Michelle Stennett sinks into the plush leather loveseat near her husband and pulls an end of the Southwestern blanket over so it covers both their laps.
After some chitchat, I ask Michelle why her husband thinks he was chosen as grand marshal of the 2010 Wagon Days celebration.
She answers, speaking not to me but to her husband, Clint Stennett, former state senator representing Blaine, Camas, Gooding and Lincoln counties from 1998 to 2009.
Michelle answers all my questions by speaking directly to Clint, saying "you" and not "Clint" when referring to him.
She looks intently into his eyes while speaking, his facial expressions providing cues as to if she's speaking correctly for him. But his never-fading smile is clue enough, and he doesn't stop her even once.
"It's pretty humbling to be picked, huh?" she says to him. "A lot of good people in this town. But, in my opinion, you're one of the best. Of course, I'm not biased."
His already present smile grows in amusement, the whiskers of his graying moustache bending outward as the corners of his lips curl high on his cheeks. She smiles as well and silence persists for a moment as they merely look into one another.
It's as if I'm the paper of the walls of their Ketchum home. Just watching, observing. Seen but unnoticed.
She says Clint was probably picked because he retired from the Senate this year, and it's to pay homage to the "straight-shooting" politician for his 11 years in the Senate. All but one of those years, the Democrat served as minority leader—the longest of anyone in the Idaho Senate—and a "mediator." Clint also served in the Idaho House of Representatives for four years preceding his senatorial career.
It's Aug. 11. Michelle says Clint had a seizure a couple of weeks ago due to the trauma he's gone through from treatment for brain cancer. It's a struggle for Clint to talk and move, but his constant facial recognitions and the awareness in his eyes makes it apparent that he's still all there. And Michelle said he's slowly improving.
Clint, 53, was diagnosed in January 2008 and has undergone surgery, chemotherapy and other treatments to treat the cancer. Michelle filled in for him during the 2010 Legislature as he recovered. Before stepping into Clint's shoes, Michelle said she asked him for advice.
"You said, 'You have to just look into your heart, think with your gut and tap into your conscience,'" Michelle says without pause as if the conversation happened yesterday, and still sits in the front of her mind.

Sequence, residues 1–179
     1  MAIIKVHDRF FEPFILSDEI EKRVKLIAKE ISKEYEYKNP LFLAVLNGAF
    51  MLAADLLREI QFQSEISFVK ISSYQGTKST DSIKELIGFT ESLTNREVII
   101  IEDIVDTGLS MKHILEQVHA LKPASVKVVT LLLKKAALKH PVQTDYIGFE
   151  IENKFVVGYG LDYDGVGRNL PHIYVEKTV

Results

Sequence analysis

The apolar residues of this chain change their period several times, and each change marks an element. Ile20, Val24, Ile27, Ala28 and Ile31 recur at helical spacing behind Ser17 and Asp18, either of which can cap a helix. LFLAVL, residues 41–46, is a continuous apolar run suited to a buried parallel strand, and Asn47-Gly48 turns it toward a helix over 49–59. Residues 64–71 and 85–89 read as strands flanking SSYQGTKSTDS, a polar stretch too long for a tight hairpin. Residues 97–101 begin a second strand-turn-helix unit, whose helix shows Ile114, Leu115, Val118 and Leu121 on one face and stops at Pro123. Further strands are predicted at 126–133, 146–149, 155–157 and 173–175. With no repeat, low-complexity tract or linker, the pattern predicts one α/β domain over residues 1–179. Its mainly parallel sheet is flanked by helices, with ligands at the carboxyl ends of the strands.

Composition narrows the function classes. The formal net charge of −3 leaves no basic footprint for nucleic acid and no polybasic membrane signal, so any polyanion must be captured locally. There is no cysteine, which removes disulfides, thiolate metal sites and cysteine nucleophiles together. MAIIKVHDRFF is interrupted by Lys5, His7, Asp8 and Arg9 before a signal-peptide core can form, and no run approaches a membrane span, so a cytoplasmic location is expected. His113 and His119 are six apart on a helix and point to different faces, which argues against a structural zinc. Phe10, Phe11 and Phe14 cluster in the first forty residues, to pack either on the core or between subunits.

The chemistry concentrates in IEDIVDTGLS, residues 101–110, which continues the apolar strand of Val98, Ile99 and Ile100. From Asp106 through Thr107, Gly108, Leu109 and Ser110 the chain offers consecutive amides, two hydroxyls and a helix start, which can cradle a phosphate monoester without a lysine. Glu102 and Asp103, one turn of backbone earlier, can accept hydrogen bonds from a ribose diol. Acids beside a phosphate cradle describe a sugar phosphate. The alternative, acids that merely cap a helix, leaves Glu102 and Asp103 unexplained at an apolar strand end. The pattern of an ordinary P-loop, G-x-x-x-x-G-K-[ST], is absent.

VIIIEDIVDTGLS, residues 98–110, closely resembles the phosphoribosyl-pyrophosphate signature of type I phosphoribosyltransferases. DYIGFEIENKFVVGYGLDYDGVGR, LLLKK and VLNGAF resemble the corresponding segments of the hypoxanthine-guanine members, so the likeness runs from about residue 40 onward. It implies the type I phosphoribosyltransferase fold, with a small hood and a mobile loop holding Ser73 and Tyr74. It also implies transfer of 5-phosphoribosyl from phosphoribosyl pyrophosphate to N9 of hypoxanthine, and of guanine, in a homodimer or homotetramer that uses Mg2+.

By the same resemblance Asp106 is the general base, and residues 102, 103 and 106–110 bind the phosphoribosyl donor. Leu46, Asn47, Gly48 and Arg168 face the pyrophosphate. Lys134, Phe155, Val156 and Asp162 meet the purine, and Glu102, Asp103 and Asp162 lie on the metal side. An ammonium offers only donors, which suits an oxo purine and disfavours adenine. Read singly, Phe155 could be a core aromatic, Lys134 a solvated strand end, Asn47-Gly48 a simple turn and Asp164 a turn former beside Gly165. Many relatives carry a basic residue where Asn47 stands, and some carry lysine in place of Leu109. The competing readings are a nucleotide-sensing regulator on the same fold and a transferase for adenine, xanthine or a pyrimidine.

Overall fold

She says his political colleagues have professed their respect for Clint, claiming he always voted with his conscience and not merely along party lines.
Michelle is now running for Clint's District 25 Senate seat, having come off an overwhelming victory in the May 25 Democratic primary. She garnered 86 percent of the votes.
Michelle said it's a decision that she and Clint didn't take lightly. And she's not presuming to latch onto Clint's legacy. But some of his work—that they both believe is important—remains unfinished.
"We've both been of the opinion of giving back," she said. "You participate. You're not just a stakeholder."
Her priorities center on maintaining outdoor open space, but she said she wants to balance that with allowing small-town economies to flourish, which often rely on things such as fly-fishing outfitters and other outdoor businesses.
"Small business was always an important thing to you," she said.
She said she and Clint are fully aware that small businesses are struggling and need help from the government.
"And there isn't any partisanship in that," she said. "It's people helping people."
That same altruistic spirit flows throughout their daily lives and relationship, made evident in a mere 45-minute sit-down and sharing of a few words.
"We're a team," Michelle says at the end of our interview, as she grasps Clint's hand sitting atop the blanket covering both their laps.
Trevon Milliard: email@example.com
Grand marshal reception
A reception with Clint Stennett is set for Friday, Sept. 3, from 5:30-7 p.m. at
Memory Park in Ketchum, on Main Street between Fifth and Sixth streets. The event is open to the public.